BLOG TOUR: Amy June Bates

As I just typed in my last post…I  am very pleased to be a stop on the Sydney Taylor Blog Tour!

I got to e-chat with the Sydney Taylor Book Award winners in the Younger Readers Category, the creators of Ketzel the Cat who ComposedAuthor Lesléa Newman and illustrator Amy June Bates.

Ketzel book jacket

Come have a listen:

Hi, Amy.

Tell me about your art style. What media do you work in? 

I work in watercolor, gouache, and pencil.  I love the expression and freedom that I get in  just drawing. Watercolor is an extension of that, but it offers me interesting textures and a fluidity that expresses my reality in a way that resonates, pleases and surprises me.
I notice that you have the composer in a timeless, almost old fashioned wardrobe. And  the book and the illustrations have an old-world feel to them, with lots of browns and sepia.  Was that a conscious decision on your part? 
Each book I do has a different palette and basically it is motivated by the text.  I have an old-fashioned style. I use an old fashioned equipment- paintbrush and paint. You will not find bright pink or computer genorated color schemes in my work.  Beyond that, in this particular book Moshe’s character seemed to be unconcerned with modern life or the whirl of the city, but in a musical world of his own, so I wanted to set him apart. The city and the pedestrians and the backgrounds are a 1990’s city.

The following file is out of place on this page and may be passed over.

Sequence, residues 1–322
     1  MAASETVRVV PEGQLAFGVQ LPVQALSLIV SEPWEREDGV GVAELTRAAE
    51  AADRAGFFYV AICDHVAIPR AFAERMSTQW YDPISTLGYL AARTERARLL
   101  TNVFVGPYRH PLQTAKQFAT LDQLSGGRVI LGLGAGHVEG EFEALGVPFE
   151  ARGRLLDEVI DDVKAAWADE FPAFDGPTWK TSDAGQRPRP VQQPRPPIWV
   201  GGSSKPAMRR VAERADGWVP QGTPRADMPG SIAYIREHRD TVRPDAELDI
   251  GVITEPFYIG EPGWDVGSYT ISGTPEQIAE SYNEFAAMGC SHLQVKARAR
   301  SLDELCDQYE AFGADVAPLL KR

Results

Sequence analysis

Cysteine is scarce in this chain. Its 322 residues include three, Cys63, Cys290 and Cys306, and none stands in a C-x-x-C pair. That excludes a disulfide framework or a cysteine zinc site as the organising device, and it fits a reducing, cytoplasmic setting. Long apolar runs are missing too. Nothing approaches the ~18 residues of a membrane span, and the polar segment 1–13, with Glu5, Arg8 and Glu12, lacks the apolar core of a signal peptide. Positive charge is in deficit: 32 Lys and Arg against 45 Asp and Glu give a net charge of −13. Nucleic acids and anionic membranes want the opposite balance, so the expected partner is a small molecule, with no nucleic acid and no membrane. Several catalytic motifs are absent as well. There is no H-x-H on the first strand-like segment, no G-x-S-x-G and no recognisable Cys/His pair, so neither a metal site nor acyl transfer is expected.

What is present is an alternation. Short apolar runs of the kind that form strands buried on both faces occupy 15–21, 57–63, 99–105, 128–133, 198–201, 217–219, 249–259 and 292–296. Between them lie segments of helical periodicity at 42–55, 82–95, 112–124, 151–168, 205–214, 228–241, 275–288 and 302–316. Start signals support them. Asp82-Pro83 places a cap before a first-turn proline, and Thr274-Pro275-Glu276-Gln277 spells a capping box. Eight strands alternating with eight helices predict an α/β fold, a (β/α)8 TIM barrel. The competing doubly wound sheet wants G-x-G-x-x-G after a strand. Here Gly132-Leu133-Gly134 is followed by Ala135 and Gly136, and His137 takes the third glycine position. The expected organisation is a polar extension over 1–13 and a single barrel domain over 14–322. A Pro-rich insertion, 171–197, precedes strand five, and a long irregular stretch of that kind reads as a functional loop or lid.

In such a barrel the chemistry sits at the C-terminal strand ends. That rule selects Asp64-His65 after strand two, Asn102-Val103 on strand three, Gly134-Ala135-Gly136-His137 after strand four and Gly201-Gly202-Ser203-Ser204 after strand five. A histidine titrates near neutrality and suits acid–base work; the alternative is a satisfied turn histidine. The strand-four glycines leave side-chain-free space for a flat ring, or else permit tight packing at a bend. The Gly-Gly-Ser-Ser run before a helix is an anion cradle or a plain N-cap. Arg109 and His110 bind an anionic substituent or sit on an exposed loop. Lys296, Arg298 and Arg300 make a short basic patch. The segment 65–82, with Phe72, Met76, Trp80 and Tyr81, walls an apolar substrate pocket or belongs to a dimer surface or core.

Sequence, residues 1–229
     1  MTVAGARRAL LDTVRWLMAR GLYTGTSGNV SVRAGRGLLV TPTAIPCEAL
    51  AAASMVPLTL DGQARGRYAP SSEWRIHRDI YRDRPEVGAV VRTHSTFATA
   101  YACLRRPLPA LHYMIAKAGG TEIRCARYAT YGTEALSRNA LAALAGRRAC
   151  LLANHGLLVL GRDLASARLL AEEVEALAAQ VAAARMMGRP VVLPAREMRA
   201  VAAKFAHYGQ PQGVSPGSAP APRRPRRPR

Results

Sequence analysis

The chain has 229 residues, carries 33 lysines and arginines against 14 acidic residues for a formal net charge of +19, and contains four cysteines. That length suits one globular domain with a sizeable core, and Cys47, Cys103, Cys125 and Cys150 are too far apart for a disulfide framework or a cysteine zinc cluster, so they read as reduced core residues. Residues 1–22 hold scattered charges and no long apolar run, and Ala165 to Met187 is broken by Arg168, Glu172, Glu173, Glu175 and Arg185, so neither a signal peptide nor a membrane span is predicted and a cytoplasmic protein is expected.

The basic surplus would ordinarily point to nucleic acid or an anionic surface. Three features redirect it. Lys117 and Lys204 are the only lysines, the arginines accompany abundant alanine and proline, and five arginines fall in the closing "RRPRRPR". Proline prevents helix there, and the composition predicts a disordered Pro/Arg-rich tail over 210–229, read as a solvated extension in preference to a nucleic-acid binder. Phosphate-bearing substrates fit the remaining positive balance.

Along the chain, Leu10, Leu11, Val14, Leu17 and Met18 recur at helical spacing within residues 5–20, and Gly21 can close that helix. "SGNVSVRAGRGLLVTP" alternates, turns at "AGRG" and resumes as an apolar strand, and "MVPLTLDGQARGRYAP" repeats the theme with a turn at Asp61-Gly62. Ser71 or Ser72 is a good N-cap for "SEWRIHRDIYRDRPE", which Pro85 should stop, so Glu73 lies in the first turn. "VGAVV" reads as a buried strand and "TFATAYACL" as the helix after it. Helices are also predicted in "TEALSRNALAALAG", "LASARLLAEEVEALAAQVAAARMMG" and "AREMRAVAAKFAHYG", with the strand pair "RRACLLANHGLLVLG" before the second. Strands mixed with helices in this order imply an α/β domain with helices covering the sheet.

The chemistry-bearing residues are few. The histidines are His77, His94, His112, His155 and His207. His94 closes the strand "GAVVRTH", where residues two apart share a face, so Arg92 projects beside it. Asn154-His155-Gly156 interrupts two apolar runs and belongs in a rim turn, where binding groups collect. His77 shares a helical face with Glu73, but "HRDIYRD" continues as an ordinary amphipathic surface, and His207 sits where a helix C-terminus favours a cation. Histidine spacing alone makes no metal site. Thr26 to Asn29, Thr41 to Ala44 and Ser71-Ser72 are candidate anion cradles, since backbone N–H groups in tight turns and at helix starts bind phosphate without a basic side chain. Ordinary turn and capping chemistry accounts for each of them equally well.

How did you decide what the main character should look like? Is he based on the real -life composer’s looks, or did you imagine someone totally new?
 This book isn’t a strict biography. I believe Moshe had a wife and children- although they were not included in the text obviously. Why? because it makes a better and simpler picture book probably. I based the character loosely on what Moshe looked like in real life, but I chose to soften him I guess you could say.
Your illustrations of Ketzel the cat are so charming. How is illustrating a cat character different or similar to illustrating a human? 
I like drawing people. We are infinitely interesting in variety and expression. I find people fascinating, right down to the choice of keychain that they carry.  Animals are so close to humans in construction. Arms, legs, spine, nose, eyes- they have them too.  It is impossible for me not to anthropomorphize  those features when I draw- possibly because I do books for children. However, animals do not carry keychains.
Thanks, Amy! 
Liked that? Read my chat with author Leslea Newman over here.

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